The Week of Infamy

This past week stands as a grim reminder of tragedy, with events being remembered that have not only shaped the course of our nation but certainly the lives of individuals. Here is a short list to help our memories:

– 1865 President Abrahams Lincoln assassinated
– 1889 Hitler born
– 1912 Titanic sinks
– 1961 Bay of Pigs invasion
– 1983 United States Embassy bombing in Beirut
– 1994 Black Hawk down
– 1995 Oklahoma City bombing
– 1999 Columbine massacre
– 2007 Virginia Tech massacre
– 2013 Boston Marathon bombing

These events, and many others, had a profound impact collectively and individually. Sometimes it was through the images we saw and the stories we heard; other times it became personal. I had a good friend deployed to Somalia in 1994; a daughter living in the Oklahoma City community in 1995; a son who was a freshman at Virginia Tech in 2007; and family and friends on the Boston race course in 2013. These were very long days waiting to hear about their condition.

So, we remember these events and many others throughout the year, but more importantly we remember the individuals who lost their lives and those impacted physically, emotionally, and relationally. One commonality these events share is they brought diverse people together—tragedy, tragically, often seems like only time that happens. Unfortunately, that togetherness fades and disappears and as a society we are back to our “normal” and our comradery is replaced with divisiveness.

This divisiveness leads to a question I have often been asked and myself have asked. “Why does God allow all this tragedy and suffering to occur?” My simple, but true answer, is “I do not know.” I reconcile it in my mind in realizing that the door of “free will” swings both ways. However, I do not think on the same level of God—I do not have His insight to what this life is all about. 1 Corinthians 13:12 warns us of presuming to understand the ways of God while in this life, “Now we see things imperfectly, like puzzling reflections in a mirror, but then we will see everything in perfect clarity.” Jesus did not sugarcoat the inevitability of us going through trials and suffering; John 16:33, “You will have suffering in this world.”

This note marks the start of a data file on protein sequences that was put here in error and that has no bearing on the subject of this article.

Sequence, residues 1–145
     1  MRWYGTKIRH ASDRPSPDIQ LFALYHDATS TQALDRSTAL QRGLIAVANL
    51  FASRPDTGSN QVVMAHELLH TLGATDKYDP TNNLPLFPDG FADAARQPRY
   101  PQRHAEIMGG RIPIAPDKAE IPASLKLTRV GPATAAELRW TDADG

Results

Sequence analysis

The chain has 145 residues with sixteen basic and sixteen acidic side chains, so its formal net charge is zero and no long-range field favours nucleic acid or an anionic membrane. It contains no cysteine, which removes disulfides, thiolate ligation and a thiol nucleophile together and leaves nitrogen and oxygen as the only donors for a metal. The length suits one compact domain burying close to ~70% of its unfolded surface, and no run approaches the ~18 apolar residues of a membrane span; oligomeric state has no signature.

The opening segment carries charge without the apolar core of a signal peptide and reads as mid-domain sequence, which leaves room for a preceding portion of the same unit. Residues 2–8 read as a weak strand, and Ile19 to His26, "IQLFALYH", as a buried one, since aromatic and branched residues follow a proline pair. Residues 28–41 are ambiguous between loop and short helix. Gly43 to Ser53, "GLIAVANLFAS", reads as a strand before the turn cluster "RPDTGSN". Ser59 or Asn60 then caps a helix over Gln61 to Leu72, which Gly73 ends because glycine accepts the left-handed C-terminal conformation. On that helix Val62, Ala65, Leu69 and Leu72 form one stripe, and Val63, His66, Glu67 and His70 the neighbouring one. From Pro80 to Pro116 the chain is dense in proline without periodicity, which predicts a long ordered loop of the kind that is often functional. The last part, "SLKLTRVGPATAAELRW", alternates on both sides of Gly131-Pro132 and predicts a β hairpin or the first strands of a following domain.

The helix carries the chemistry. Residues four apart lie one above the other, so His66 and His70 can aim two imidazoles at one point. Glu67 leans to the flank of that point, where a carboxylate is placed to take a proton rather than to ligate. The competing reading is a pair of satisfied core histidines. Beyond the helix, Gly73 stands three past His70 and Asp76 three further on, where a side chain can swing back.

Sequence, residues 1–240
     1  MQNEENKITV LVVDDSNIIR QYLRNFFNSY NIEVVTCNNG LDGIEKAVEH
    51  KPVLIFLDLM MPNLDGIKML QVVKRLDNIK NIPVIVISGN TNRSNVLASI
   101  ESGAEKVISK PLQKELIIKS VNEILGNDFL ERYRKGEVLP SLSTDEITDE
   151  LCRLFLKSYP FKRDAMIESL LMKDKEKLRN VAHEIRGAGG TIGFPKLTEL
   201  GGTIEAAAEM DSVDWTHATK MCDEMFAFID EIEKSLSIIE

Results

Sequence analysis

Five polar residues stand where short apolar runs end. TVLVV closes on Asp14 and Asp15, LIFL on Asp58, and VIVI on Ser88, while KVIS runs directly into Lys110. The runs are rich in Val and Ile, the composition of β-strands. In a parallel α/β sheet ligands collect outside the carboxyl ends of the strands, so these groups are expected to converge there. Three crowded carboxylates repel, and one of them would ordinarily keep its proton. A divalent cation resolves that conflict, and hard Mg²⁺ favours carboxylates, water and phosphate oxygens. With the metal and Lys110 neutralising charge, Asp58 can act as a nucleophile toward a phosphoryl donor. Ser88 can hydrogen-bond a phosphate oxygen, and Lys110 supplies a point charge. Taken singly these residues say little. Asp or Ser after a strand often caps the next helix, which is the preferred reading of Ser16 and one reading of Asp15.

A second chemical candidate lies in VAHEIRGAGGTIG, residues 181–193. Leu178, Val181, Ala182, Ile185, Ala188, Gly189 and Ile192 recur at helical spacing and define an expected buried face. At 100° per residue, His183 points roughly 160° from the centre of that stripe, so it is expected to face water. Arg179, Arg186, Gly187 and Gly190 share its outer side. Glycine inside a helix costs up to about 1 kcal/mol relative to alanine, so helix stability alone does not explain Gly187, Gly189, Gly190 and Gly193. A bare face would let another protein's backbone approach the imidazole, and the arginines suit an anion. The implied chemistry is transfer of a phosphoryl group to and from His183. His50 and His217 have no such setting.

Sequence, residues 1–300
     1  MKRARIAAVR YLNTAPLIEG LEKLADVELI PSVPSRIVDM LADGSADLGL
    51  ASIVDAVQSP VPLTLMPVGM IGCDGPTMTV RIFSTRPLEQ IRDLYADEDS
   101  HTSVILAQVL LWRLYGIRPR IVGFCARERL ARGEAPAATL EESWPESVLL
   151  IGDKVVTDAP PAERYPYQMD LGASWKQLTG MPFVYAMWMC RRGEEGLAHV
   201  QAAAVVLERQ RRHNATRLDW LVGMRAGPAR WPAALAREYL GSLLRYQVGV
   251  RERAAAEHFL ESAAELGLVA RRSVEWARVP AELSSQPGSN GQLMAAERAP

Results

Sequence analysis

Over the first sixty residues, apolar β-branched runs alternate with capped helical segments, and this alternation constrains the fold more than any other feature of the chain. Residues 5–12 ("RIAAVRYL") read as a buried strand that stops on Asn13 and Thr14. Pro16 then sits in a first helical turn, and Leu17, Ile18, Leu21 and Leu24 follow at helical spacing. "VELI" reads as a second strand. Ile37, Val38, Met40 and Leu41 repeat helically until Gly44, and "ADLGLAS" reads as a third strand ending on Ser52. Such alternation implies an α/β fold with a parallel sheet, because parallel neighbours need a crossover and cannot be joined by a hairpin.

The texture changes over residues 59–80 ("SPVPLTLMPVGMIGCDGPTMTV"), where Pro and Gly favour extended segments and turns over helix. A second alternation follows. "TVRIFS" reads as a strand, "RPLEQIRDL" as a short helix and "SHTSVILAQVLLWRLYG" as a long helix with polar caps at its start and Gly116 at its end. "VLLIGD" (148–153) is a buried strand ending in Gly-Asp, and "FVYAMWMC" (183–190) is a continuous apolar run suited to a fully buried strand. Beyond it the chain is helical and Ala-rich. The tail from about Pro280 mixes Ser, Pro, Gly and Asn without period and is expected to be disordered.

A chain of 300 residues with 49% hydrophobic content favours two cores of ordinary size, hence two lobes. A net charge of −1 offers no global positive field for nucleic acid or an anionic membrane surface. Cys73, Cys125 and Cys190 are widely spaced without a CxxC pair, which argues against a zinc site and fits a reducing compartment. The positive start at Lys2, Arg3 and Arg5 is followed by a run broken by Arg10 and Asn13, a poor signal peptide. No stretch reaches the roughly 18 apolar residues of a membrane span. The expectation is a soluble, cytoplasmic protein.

So, what do we do with these tragedies? Might I remind us after these type events emerge stories of one person saving another, one person showing love and compassion to another, one person sharing their faith with another, one person giving their life for another. While it is hard for us to remember the good that comes out of the evil, there are always examples that we should carry as we return to “normal.”

God took the very worst thing in the history of the universe, deicide–the death of Jesus on the cross—and turned it into the very best thing in the history of universe. He opened Heaven to all who follow Him. If God can take the very worst circumstance imaginable and turn it into the very best situation possible, can He not take the tragedies in our lives and create something good from them?

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